This brick structure was at one stage the tallest building in Melbourne.
(The next port of call on this trip, in case you hadn’t worked it out..)
It’s a shot tower, which in the distant past – 1880s until the 1960s – was the hi-tech method for manufacturing lead shot for use in shotgun cartridges.
Now, it’s slap-bang in the middle of a retail complex with a small museum telling folk how it all works.
Not that I learned anything new, of course.
There won’t be many folk around who used to work in one.
But I did.
At the Colonial Ammunition Company in Auckland.
Between leaving school in September 1966 and starting an illustrious career in the RNZAF in January 1967, I earned some serious folding stuff by spending most of my working day loading lead ingots and scrap lead into the lift, riding up 30 metres, stacking it and feeding a cauldron of molten lead which fed into a perforated cast-iron pan (aka the pouring card) and fell in globules through the 30 metres, shock-cooling in a water bath to perfect spheres.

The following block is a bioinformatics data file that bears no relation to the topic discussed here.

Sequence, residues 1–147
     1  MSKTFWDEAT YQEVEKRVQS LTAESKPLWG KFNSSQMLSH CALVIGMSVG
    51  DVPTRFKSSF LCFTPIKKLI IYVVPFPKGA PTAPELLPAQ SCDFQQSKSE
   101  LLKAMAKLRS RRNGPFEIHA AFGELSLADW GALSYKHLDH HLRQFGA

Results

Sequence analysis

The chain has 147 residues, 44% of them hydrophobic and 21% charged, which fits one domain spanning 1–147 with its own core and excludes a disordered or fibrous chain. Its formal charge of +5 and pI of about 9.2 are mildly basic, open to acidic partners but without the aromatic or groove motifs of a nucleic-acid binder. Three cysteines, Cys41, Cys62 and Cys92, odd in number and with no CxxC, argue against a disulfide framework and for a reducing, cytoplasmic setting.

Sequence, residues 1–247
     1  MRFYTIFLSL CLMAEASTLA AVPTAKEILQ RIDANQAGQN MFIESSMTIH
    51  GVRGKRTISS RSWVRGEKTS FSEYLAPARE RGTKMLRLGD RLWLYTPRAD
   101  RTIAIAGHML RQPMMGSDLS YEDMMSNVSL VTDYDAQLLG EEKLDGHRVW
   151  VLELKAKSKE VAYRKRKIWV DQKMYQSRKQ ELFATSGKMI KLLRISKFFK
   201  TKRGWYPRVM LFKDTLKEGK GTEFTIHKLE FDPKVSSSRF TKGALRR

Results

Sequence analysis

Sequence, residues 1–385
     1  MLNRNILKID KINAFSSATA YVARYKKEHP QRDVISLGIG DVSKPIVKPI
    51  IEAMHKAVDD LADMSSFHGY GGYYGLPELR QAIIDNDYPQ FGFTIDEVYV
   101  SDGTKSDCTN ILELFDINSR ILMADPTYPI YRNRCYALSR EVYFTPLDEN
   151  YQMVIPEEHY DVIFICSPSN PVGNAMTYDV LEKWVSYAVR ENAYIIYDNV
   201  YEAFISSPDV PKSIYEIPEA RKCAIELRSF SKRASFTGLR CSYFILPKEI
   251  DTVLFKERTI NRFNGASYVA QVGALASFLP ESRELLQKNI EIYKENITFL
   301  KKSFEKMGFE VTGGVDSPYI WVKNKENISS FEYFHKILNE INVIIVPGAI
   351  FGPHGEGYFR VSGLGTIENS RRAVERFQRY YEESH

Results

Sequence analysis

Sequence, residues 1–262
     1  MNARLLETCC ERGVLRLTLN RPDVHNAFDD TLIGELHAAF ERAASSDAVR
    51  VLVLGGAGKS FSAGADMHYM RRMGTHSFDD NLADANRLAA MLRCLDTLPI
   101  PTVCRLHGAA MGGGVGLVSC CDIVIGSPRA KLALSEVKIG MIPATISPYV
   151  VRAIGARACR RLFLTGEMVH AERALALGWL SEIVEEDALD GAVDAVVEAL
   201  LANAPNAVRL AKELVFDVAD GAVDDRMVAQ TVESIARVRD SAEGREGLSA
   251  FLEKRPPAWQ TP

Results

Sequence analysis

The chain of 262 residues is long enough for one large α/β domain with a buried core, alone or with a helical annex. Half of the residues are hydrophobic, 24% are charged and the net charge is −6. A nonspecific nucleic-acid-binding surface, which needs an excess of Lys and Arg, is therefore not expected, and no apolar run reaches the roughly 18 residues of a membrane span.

Not a lot of conversation up there, apart from Happy Cash calling “Whack the pan, Slim boy” occasionally when the quality started slipping.
And “slim” I was.
Started off in the low 70kg range and dropped a good 5kg in the first couple of weeks.
Well, so would you if you were wearing a balaclava, googles, scarf, overalls, leather gloves and heavy boots in a tin shed standing next to a vat of lead at around 350 degrees C.
Lead can get quite unfriendly when it spits…
Then the muscle tissue started building up (5 tons of lead a day triple-handled will do that..) and I was back to the low 70s in no time.
Where I’ve stayed ever since.
Give or take a couple of kg…..